Let’s say that I do indeed come up with a better mousetrap resulting in market dominance. Or perhaps I’ve begged, borrowed, and stolen kernels and fragments of existing software to produce a computer operating system that, for accidental reasons, becomes the default OS of choice. If I become so large that I can dictate the price you pay for a mousetrap or an operating system because I have no competitors, the federal government steps in. Monopolies are considered illegal in the U.S., even if some escape prosecution.

Now we’ll explore a different situation. I have in mind Amazon. It began with books. Remember? But that was so long ago. Today, Amazon sells almost anything. And it does so with such remarkable convenience to the consumer, that “going out shopping” has disappeared from the lexicon. Now we click, and click some more.

Amazon, if you hadn’t been paying attention, doesn’t make all that much money as the world’s largest retailer. Heck, it even sells many products at a loss (source for graph below):

Amazon net income 2009 to 2013

Yet, despite very modest net income, investors have actually bet large on the company. Why? I think it has everything to do with eventual, if not already present, monopsony.

The dictionary defines ‘monopsony’ as “a market with only one buyer.” While Amazon sells a whole lot of stuff, enough to make it the dominant player in book selling, for instance—by virtue of that dominance it is now in a position to dictate the terms and conditions with book publishers, since it has become the largest buyer of books.

Obama’s Justice Department, it seems, couldn’t grasp this phenomenon. Previous administrations went after Microsoft and, nearly a century ago, broke up the oil monopoly and giant holding companies. Obama, instead of paying close attention to Jeff Bezos, decided that Apple was the larger threat, when it championed an agency model patterned after iTunes and its App Store.

An attorney who wrote a brief friendly to Apple’s defense penned an op-ed for the New York Times. He argues:

…When a company has dominant market power and sells goods for below marginal cost, it is engaging in predatory pricing, a violation of federal antitrust laws.

What was to be done? Fortunately, in early 2010, a natural market solution presented itself: the introduction of the iPad and Apple’s entry into the e-book market. At Apple’s suggestion, the major book publishers were persuaded to change their e-book business model to reflect how Apple had been selling its popular apps for the iPhone. Under the app model, the publisher sets the price, not Apple or Amazon — with the e-retailer keeping a 30 percent commission. Here, price competition does not go away; it just moves from the e-retailer to the app developers, book publishers and authors.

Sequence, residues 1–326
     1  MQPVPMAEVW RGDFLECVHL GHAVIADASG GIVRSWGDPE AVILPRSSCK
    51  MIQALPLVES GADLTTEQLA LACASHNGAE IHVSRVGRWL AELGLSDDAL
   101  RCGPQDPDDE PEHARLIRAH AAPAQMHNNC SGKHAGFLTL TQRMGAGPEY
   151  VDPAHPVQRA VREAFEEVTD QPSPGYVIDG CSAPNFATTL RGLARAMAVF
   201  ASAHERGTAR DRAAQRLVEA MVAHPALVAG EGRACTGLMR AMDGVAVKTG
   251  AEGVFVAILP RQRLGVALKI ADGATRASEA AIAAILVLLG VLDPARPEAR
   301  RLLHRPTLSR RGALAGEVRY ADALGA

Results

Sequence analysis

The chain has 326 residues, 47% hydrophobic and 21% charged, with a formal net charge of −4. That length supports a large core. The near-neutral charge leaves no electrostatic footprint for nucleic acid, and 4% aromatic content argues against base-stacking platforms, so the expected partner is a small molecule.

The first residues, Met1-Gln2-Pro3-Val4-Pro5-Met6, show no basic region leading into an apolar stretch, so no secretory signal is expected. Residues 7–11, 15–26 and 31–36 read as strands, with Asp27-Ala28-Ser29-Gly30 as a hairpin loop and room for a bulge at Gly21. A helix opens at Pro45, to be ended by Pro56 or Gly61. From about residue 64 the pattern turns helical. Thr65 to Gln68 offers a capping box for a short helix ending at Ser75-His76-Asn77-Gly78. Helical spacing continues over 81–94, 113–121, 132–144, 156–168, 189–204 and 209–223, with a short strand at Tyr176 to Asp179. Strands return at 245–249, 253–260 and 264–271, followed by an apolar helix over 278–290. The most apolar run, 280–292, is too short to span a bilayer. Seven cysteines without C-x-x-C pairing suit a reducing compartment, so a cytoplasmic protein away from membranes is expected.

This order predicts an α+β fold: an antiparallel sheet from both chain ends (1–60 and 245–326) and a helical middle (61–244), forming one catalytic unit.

All was well until the Justice Department, supported by a white paper supplied to it by Amazon, filed an ill-advised lawsuit against Apple and five of the major book publishers for antitrust violations. The publishers were charged with “price fixing” — but not for fixing prices: Not a single e-book price was fixed by the conspiracy contrived by the government. All the publishers did, as I argued in a friend-of-the-court brief at the time, was to move to the lawful app store model, which eliminated Amazon’s self-serving distortion of the e-book market [my emphasis].

Bob Kohn, the lawyer who authored the above excerpt, believes that Amazon created a monopsony in book selling, and that the publishers fought back using Apple and its purchasing model. But a judge sided with the Justice Department against Apple and the publishers, accusing them of conspiring to fix prices.

So, who benefits from the decision? Why Amazon, of course.

Consumers may now be enjoying convenience and low prices, but as the company grows and grows it threatens to establish multiple-sector monopsonies in which it emerges as the principal or even the lone buyer of wholesale merchandise. As such it will have the power to extract all sorts of concessions from producers.

Jeff Bezos says that he’s all about the consumer.  But Kohn begs to differ:

AMAZON has caused no small controversy of late by refusing to accept presale orders on books to be released by the publisher Hachette and by understocking Hachette’s titles. These punitive maneuvers, which follow a dispute between Amazon and Hachette about e-book contracts, have led to significant delays in shipments of Hachette’s books to Amazon’s customers.

Both consumers of Hachette books and the authors who wrote them are mad as hell. Kohn has an idea to break Amazon’s stranglehold:

So far, Hachette, to its credit, has been unbending. But Amazon still has its nuclear option. It would appear that unless Amazon backs down — through public pressure or government intervention — publishers will have no choice but to employ their own nuclear option: pull all their books from Amazon and throw their weight behind a law-abiding alternative. Perhaps the best solution would be an online marketplace controlled by the publishers — with the 30 percent commission being split 50-50 with the authors in addition to the author’s royalty.

I don’t think his idea will get anywhere because, as Amazon’s own history demonstrates, it takes an awful lot of time and money to first establish an online marketplace then nurture it through thick and thin. Nor will this administration likely intervene against Amazon, having already jumped into bed with the company, and utterly failed to grasp the implications of monopsony.

After Bezos conquers private retail, I wouldn’t be surprised if he went after the public sector, selling all sorts of goods and services now provided by governments. At some point we might even have an Amazon justice department.

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